A few weeks back I planted red lettuce, spinach, and rainbow chard. Fall gardening is a great way to get a second crop of those cold tolerant leafy greens before the winter arrives.
And a great way to extend the growing season is with a cold frame! I built this one (Neil insists it’s more of a small greenhouse then a large cold frame) out of free windows and scrap lumber. The “straight” edges on the lumber look a lot like a kindergartner’s first attempt with scissors but I’m proud of it anyway!
And the little plants look so happy tucked inside their sunny house. I’m expecting another growth spurt from them now that they’ll have lovely warm growing time during the day, and they don’t have to fight the first frosts at night. In fact, the spinach will be quite happy in there right through the snow. Spinach seeds can even overwinter in a little cold frame and will sprout on their own in the spring just as soon as they can. I’m planning on planting some more spinach seed once the lettuce is gone so we’ll have a super-early crop next year.
We didn’t have a frost last night – after all we’re up a pretty big hill! But the village below did so our first frost can’t be too far behind. Besides which these 38F nights are too cold for most of my veggie garden anyway. The cabbages and broccoli are still doing well.
I picked another half gallon of broccoli flourettes this weekend. I’m getting second growth heads off the original second growth heads. That makes them tertiary and quaternary growth heads, right? I also picked my squashes this weekend.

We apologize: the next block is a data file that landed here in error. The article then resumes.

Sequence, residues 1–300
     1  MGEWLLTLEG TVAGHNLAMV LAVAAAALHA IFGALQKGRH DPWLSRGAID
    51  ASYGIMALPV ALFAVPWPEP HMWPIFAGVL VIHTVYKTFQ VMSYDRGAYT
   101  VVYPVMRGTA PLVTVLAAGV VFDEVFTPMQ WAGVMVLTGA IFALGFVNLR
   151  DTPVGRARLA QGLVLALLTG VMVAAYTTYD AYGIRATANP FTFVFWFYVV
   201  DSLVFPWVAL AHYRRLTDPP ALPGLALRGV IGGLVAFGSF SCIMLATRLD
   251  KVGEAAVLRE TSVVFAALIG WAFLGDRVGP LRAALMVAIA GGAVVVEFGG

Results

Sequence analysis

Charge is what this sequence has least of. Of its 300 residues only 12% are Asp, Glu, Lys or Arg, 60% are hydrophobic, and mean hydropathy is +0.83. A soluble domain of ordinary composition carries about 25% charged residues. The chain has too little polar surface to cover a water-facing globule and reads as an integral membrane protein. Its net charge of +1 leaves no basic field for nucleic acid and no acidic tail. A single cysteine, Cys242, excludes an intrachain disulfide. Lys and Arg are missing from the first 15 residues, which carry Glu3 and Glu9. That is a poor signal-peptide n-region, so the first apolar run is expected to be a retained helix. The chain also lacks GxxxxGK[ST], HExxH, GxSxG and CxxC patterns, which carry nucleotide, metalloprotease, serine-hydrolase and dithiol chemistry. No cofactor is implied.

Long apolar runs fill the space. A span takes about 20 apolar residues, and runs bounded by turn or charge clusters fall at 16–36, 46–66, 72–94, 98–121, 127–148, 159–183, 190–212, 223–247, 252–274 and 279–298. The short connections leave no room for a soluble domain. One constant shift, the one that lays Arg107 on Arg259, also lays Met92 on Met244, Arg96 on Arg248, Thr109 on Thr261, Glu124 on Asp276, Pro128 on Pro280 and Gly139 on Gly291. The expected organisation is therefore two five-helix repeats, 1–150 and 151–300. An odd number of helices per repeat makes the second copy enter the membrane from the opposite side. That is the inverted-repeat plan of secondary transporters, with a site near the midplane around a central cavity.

They’re all lined up next to the wood stove for a period of curing before I tuck them into their cool, dark cabinet. My favorite are the squmpkins:
Clearly a cross between the carnival squash on the left and the pumpkin on the right. I got three squmpkins from the vine that grew out in the wild front yard (my feral pumpkin patch)
Finally, if you’ve made it this far, you may actually care enough about veggies to help me out. I grew a lovely patch of pretty dried beans this year:
And I have NO IDEA what kind of bean these are. They’re bush beans, the first plant was a volunteer last year. I thought the beans and pods were so pretty I save the seed rather then eating it.* And this year I planted a whole row. They had great germination and I have about twice as many as pictured here. But I still don’t know what kind they are.
*Also there were only about 12 seeds total, not really a meal’s worth.